Sunday, October 15, 2006

2 October: Australia Goes to the Theatre

I remember long drive up the Eastern seaboard of the United States when I was a child. My family would pack ourselves into the mini (or the maxi) van, and drive all the way up the coast enroute to a ski-town for a weeks vacation. Mostly my dad would drive, and we would fill eight hours with discussion and music, but mostly music. We would listen to the soundtracks of many a broadway show, some of which would fill hours of our journey. We would listen to the words of these songs and we would analyze, delve beyond the words and find hidden meanings, contextualize the references, and debate over what the sub-text was supposed to illicit. The beauty of these musical operas lay not in their simplicity, or in their surface, the brilliance of the theatre was the interpretation of the experience, the meaning hidden below, which pulls you from complacancy and invites you to create meaning within the story.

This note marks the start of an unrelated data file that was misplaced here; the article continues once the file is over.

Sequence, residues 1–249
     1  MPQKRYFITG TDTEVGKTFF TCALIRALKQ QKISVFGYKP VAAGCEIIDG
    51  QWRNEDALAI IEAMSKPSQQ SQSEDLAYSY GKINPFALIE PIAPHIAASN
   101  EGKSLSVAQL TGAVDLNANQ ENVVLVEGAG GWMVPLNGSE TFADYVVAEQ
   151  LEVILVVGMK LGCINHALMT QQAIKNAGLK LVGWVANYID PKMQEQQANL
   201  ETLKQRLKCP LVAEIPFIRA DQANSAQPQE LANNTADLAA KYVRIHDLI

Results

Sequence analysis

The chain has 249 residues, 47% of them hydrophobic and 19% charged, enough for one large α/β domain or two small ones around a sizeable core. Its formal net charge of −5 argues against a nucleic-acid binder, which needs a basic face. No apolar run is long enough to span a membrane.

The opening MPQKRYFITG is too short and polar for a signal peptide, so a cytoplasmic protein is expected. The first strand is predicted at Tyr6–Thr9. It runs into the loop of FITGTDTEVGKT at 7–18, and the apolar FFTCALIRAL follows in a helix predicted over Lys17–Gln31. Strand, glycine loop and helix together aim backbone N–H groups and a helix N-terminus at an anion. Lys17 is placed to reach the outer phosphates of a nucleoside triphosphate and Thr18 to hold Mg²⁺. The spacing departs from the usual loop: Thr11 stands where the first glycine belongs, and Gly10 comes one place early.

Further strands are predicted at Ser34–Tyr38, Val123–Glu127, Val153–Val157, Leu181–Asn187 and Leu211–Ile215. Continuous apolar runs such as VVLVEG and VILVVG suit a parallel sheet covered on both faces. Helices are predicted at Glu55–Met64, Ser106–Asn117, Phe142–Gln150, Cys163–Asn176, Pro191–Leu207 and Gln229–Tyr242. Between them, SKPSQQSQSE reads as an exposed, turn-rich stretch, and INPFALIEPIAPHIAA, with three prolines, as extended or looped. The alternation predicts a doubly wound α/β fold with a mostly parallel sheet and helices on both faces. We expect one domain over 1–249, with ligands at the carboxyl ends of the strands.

Not so of Australian theatre. Perhaps, not so of Australians in general. Sub-text is not a virtue for aspiration. Bluntness is worshipped. Why make people struggle to find meaning when it could be laid bare for them? Why risk that people may never understand what it is you hoped they'd understand by talking around the subject. Pragmatism. Say what's on your mind, plain, simple, no beating around the bush. No looking, no delving, no space for personal interpretation. The Australian theatre going experience is forthright. The plot develops along a simple trajectory. You almost know where its going before it gets there and you're hardly surprised when you arrive where you do. Almost like Australians themselves. Never giving you time to wonder, never giving you much to ponder, to savour, to hold on to, toss over and over, and inject with meaning never intended. The simplicity of life in general might be what drew me to love it here. My own fondness of being blunt in interactions might be what makes me happy here. But still, I don't believe that theatre should lack emotional subtext. If you can't create drama in your own life (which I am fond of doing, no doubt) than certainly a night at the opera should provide something more than straightforward recitation, something greater, more captivating, more invigorating...more drama.


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